Ten years of digital television
Ten years of digital television29.08.2011 10.19 fi sv en
This year marks the tenth birthday of digital TV broadcasting in Finland: the first digital TV transmissions were broadcast on 27 August 2001. Analogue broadcasts were switched off entirely at the turn of the month August/September in 2007.
After the digital switch-over, the programme supply has increased tenfold in the antenna network while TV picture quality has improved.
In the analogue era, there were five television channels. Currently digital transmissions are broadcast in ten multiplexes, with the number of channels totalling 53. 14 of the channels are provided free of charge while 39 are pay-TV channels. Some of the channels already provide high-definition broadcasts and their number is increasing.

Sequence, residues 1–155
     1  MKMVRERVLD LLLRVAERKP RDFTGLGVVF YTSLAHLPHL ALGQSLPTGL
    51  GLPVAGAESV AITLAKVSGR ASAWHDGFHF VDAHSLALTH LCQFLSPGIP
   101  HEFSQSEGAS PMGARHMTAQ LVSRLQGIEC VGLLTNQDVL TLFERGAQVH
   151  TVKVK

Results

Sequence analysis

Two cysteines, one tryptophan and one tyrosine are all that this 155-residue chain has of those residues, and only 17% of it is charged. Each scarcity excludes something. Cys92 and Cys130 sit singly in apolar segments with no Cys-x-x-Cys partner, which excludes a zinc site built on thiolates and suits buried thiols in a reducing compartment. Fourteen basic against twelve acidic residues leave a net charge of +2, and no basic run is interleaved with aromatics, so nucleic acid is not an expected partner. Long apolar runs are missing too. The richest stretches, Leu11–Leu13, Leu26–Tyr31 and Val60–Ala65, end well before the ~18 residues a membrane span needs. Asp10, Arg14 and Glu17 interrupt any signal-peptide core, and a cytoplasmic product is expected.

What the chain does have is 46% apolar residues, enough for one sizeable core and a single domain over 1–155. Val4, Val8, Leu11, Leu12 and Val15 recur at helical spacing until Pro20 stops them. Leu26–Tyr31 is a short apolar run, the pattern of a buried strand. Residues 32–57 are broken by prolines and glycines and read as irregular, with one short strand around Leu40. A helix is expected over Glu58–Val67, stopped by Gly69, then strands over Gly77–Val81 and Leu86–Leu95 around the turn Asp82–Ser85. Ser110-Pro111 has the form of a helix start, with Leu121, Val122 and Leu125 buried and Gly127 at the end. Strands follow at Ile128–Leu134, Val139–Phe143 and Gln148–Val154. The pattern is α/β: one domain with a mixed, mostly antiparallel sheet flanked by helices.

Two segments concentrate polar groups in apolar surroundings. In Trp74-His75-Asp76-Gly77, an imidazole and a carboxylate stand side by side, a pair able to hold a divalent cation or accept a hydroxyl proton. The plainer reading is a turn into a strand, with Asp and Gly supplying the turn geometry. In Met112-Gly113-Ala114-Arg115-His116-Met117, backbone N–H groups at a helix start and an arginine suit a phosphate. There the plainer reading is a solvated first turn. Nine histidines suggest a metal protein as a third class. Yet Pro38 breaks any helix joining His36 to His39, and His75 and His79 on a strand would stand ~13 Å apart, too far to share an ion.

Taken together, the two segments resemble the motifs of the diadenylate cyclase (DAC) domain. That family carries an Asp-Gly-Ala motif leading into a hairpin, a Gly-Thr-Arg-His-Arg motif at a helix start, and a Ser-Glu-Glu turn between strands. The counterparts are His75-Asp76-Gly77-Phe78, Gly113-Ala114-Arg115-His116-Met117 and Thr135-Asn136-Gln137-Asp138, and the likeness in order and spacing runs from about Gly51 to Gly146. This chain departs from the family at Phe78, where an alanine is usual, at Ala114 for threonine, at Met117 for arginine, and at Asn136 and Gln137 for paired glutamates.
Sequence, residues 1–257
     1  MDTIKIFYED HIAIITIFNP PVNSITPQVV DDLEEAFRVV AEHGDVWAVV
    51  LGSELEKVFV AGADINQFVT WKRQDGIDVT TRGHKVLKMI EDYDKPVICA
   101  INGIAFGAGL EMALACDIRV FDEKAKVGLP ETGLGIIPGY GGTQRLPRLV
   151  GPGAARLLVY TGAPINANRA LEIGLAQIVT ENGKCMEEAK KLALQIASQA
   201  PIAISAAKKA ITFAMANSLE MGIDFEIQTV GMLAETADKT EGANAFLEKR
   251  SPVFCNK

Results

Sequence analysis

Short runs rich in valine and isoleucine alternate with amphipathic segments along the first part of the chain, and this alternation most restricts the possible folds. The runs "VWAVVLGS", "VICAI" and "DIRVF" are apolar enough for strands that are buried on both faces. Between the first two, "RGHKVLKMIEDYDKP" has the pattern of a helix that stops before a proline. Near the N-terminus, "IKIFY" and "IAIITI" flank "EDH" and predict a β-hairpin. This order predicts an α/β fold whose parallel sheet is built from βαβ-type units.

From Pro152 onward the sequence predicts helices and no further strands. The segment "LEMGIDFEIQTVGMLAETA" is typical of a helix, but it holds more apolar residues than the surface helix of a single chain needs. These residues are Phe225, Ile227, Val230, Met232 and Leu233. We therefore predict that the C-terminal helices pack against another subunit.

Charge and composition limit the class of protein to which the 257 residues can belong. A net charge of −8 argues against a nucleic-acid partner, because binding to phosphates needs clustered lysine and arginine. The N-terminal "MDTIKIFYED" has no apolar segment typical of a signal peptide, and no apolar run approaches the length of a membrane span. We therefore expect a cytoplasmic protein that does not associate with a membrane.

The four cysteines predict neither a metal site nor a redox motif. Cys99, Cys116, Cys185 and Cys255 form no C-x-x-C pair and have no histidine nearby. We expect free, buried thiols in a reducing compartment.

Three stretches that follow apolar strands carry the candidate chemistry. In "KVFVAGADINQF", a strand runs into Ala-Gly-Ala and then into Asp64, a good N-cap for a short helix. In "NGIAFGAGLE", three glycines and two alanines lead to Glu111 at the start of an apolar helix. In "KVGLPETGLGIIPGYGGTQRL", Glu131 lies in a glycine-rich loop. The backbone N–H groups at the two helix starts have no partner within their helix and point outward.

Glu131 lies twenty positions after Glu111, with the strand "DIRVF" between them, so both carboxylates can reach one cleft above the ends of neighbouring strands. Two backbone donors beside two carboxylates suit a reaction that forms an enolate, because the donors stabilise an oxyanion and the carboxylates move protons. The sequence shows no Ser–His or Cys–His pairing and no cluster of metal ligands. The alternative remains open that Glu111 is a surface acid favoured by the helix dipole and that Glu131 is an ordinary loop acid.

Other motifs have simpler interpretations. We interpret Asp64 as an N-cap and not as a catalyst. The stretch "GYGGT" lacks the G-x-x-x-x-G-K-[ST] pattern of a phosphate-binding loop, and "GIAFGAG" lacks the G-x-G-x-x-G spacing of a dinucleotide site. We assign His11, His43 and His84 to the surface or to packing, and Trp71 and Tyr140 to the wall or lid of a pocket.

The Government decided on the digitisation of television networks in May 1996. The testing of digital broadcasts started in 1997.
Finland made the decision to adopt the European DVB standard which is also used in Australia and in a number of Asian countries.
In 1999, the Ministry of Transport and Communications granted the first licences for national digital TV broadcasting in two multiplexes.
The number of viewers of digital broadcasts grew as more households acquired digital set-top boxes enabling the reception of digital broadcasts by an analogue television set. Soon, however, digital television sets started to emerge alongside the set-top boxes.
Digital TV requires fewer radio frequencies than analogue broadcasting. The digital switch-over in 2007 released the 800 MHz frequency band for other use. It was allocated to high-speed broadband networks in mobile communications.
Mr Ismo Kosonen, Senior Adviser, tel. +358 50 511 6601